• Length of wait Most people think fairness requires that among those with similar medical urgency, those who got on the list first should have higher priority than those who came later, and this is a criterion considered by the algorithms.  However, there are two possible problems with this criterion that seem to count against fairness.  First of all, because each transplant center keeps their own list of individuals needing transplant for a particular type of organ, an individual can be evaluated and placed on waitlists from different transplant centers.  This may be costly but a possible recipient able and willing to bear the expense could do it.  It could result in that recipient getting a transplant over another person who has been waiting longer because the person on multiple lists qualifies on their “other” wait list.  Secondly, different regions of the country sometimes have different “wait times” for particular organs.  Because local recipients usually get first crack at locally-donated organs, there can arise a situation in which a potential recipient has a chance at a transplant much sooner than someone in an adjacent region who has been waiting much longer but on a different list.  Both the multiple list problem and the adjacent region problem could be taken as evidence of an unfair system.
  • Local primacy:  Transplant centers are located within the boundaries of local procurement organizations scattered throughout the country.  These procurement organizations offer organs to local transplant centers first.  This policy of “local primacy” occurs partly due to the fact that organs spoil quickly as they travel, and also because of some kind of “geographic favoritism” that local donors should help local needs first.  This is similar to the controversial “rule of rescue” tendency in which a clearly seen and immediate need receives help over the claims of a more vague or distant need.  One could argue that geographic favoritism is unfair.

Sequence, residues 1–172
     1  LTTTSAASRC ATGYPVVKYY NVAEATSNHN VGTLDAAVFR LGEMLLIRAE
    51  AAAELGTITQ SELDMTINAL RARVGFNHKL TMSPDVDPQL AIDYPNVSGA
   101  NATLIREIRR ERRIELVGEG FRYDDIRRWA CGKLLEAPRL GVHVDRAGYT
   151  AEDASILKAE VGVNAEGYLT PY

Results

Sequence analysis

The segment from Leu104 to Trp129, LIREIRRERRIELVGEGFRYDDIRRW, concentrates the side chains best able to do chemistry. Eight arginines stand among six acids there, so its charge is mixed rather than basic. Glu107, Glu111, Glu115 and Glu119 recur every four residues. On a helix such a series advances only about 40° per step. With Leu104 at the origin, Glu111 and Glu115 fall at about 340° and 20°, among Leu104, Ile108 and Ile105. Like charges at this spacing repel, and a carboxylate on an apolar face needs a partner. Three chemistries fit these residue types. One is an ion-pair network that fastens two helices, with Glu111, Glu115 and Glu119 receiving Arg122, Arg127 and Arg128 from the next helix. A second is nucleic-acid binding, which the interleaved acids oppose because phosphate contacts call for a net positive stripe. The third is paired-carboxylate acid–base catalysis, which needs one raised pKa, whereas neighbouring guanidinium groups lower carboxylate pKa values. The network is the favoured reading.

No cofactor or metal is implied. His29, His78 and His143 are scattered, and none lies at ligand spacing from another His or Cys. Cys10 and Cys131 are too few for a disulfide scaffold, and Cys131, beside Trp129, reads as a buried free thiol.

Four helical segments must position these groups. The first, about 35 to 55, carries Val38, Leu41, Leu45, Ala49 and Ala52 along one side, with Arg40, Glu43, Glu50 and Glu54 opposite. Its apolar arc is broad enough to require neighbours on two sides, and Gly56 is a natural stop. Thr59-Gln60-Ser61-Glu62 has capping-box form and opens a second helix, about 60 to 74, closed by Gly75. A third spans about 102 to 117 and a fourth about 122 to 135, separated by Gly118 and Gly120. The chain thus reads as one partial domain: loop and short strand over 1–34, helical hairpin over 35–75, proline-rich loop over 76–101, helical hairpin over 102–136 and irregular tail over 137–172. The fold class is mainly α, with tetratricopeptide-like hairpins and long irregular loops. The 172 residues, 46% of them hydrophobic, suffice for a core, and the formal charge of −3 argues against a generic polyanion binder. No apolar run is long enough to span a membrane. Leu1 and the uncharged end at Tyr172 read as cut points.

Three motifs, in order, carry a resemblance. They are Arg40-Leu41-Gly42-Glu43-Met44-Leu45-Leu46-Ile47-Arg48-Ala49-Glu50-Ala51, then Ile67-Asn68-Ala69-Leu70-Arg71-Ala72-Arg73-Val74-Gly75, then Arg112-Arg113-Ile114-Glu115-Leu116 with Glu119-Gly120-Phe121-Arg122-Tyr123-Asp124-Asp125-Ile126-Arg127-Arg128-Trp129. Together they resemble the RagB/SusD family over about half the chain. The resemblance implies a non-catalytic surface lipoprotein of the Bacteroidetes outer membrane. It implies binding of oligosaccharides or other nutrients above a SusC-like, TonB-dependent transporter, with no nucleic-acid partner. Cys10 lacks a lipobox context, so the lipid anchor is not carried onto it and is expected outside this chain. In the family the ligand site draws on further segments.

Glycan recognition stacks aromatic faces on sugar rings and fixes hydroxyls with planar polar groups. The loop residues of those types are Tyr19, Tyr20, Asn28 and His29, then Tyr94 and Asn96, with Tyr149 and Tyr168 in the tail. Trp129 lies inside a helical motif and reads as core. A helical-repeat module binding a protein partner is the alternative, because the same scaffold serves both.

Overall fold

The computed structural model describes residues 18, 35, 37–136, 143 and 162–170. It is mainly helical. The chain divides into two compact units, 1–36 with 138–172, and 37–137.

• Age, Expected benefit:  While age is not usually a criterion per se, one could argue that it makes more sense to give an organ to a twenty-year old with many years of life left than to an eighty-year old who will probably die soon even with the transplant.  That is just a fact of life.  In terms of life years gained, there would likely be more benefit if the organ were given to the young recipient. 
    • Even more extreme would be the claim that “expected benefit,” taking into other factors as well as age, should be an explicit criterion for transplant priorities.  The greatest benefit would come from saving a healthy young candidate with a great likelihood of survival and more enjoyable years left.  This can be expressed in the concept of “quality-adjusted life-years, which considers both years of life left and the quality of those years.  Saving a young healthy candidate would gain more quality-adjusted life-years than saving an older candidate, so on this view the transplant should go to the younger candidate.
    • Those who disagree would argue it would be fairer to place more emphasis on medical urgency or length of wait because quality of life considerations introduce a highly subjective measure into the process.  Who is to say the eighty-year old might not have much greater quality to their remaining years than would the younger recipient.